March 28, 2013, 1:10 pm
From the same genre as “The Democrats should throw the 2008 presidential election and make the GOP handle the economic crisis” and “Roe v. Wade actually hurt abortion rights,” we have the New York Times opining that the political success of the gay rights movement may–GASP!–have negative effects:
But momentum in the political world for gay rights could actually limit momentum in the legal world. While the court may throw out a federal law defining marriage as the union of a man and a woman, the justices signaled over two days of arguments that they might not feel compelled to intervene further, since the democratic process seems to be playing out on its own, state by state, elected official by elected official.
The prospect that gay rights advocates may become a victim of their own political success was underscored during arguments on Wednesday over the constitutionality of the…
February 6, 2013, 3:36 pm
John F. Kennedy really is a blank slate to be used for whatever grand narrative someone wants to tell about 20th century American politics, foreign policy, or just about anything:
Their next hero, two decades later, is President John F. Kennedy. Startled by the Bay of Pigs fiasco two years earlier, Kennedy in 1963 was supposedly on the verge of rejecting cold war orthodoxy and leading “the United States and the world down a…path of peace and prosperity” along the lines that Wallace had prophetically laid out. But JFK, like Wallace before him, “had many enemies who deplored progressive change.” Stone and Kuznick stop just short of blaming Kennedy’s assassination on those hidden enemies, as Stone did in his conspiracy film JFK (1991). But they say his death handed the country back to those who “would systematically destroy the promise of the Kennedy years as they returned th…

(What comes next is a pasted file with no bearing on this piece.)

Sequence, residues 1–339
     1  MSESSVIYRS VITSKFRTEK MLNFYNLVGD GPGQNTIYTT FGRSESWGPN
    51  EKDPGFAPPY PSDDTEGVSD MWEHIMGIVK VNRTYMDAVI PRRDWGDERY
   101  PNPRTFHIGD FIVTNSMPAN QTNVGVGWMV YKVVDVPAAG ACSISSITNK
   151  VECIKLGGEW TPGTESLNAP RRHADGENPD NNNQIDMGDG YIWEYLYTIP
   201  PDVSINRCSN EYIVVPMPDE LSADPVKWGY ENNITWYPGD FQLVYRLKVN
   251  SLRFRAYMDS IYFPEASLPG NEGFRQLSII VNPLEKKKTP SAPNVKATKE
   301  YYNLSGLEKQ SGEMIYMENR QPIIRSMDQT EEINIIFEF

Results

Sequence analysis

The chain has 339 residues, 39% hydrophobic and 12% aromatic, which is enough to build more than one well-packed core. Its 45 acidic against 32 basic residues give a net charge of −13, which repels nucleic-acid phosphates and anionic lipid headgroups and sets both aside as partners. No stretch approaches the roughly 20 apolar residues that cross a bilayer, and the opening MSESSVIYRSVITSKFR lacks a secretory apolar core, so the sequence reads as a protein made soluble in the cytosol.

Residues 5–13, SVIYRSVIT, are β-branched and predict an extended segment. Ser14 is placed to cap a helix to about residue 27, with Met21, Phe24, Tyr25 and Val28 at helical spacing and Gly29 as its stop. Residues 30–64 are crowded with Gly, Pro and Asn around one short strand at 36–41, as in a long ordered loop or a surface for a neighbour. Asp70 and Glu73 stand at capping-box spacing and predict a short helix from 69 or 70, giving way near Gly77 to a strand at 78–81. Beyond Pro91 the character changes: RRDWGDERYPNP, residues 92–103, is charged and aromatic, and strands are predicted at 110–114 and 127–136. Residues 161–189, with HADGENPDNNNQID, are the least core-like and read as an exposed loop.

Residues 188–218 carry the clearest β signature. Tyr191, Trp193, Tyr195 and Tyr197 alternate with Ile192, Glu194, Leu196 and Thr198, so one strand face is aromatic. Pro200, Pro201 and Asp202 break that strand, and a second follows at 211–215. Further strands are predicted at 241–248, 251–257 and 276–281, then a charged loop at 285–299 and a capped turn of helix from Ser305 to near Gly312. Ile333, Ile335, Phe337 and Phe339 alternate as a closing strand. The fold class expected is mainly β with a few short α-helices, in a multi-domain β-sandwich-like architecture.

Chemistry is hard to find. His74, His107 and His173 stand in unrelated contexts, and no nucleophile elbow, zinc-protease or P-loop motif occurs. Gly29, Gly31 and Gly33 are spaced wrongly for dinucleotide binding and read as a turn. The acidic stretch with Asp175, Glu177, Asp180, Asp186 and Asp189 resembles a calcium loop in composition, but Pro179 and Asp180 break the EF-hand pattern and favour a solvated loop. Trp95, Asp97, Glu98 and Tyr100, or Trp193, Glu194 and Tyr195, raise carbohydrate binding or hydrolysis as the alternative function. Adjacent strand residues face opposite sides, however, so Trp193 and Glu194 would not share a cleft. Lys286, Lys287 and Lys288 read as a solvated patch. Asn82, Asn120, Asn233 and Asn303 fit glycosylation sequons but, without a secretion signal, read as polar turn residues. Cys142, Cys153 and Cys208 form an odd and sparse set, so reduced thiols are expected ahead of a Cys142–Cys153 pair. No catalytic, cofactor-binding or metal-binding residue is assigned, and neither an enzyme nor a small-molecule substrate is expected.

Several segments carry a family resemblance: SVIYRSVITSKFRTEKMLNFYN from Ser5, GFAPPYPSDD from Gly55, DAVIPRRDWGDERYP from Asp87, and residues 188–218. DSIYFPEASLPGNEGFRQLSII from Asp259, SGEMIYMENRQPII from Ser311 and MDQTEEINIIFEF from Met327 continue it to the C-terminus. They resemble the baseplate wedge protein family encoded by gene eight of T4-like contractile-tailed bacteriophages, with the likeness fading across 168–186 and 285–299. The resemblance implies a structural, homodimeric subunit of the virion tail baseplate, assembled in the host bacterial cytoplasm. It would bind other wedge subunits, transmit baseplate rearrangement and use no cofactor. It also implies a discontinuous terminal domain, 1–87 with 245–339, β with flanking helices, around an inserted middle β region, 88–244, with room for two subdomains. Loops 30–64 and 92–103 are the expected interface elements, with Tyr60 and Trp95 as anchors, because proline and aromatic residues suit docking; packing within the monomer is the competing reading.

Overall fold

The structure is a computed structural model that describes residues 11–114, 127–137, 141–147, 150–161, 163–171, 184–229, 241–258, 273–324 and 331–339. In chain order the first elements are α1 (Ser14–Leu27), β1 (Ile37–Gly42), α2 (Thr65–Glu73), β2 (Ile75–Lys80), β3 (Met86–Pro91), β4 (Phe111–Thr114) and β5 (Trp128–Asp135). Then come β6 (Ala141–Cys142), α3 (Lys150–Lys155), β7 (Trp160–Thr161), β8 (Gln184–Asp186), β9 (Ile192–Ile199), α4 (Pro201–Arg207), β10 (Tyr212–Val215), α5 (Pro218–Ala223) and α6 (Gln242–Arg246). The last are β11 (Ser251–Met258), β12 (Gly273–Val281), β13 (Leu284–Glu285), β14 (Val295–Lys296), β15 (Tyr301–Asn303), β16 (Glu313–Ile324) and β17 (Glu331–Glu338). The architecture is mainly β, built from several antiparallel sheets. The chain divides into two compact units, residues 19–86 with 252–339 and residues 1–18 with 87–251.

September 22, 2009, 9:41 am
I once saw Joel Garreau give a talk in which he promised (promised!) that brick-and-mortar stores would soon be gone (gone!) because everybody (everybody!) would be doing all their shopping online. Big boxes, especially, were dinosaurs (dinosaurs!), he claimed. And one of the major challenges facing urbanists would be what to do with the empty shell of the discarded consumer landscape after all of the consumers had moved to Internet. Garreau told his rapt audience that this process of creative destruction would take less than a decade.*
That was eleven years ago. And Davis’s gigantic new Target, a palace to hyper-modern consumer culture, is slated to open in less than a month.
Which is a roundabout way of saying that I’ve long had doubts about the idea that online education will spell the death of brick-and-mortar colleges and universities. But this article, coupled with the…
March 23, 2009, 5:23 pm
(There was a post here. Now it’s over here. To me it resembled the first foray into something that might lead to something like this. Apparently not. No big deal. But now you know why I have a complex.)
February 5, 2009, 4:58 pm
Dave’s post earlier today got me thinking, because it captures a series of ideas that are bouncing around the blogosphere: that Obama, for one reason or another, is getting played by the Republican minority in Congress; that he’s squandering his mandate for real and lasting change because of his rhetoric of bipartisanship; and that, in the end, the Obama administration may be captive to special interests and plutocrats. Let me note that, to some extent at least, I share these concerns.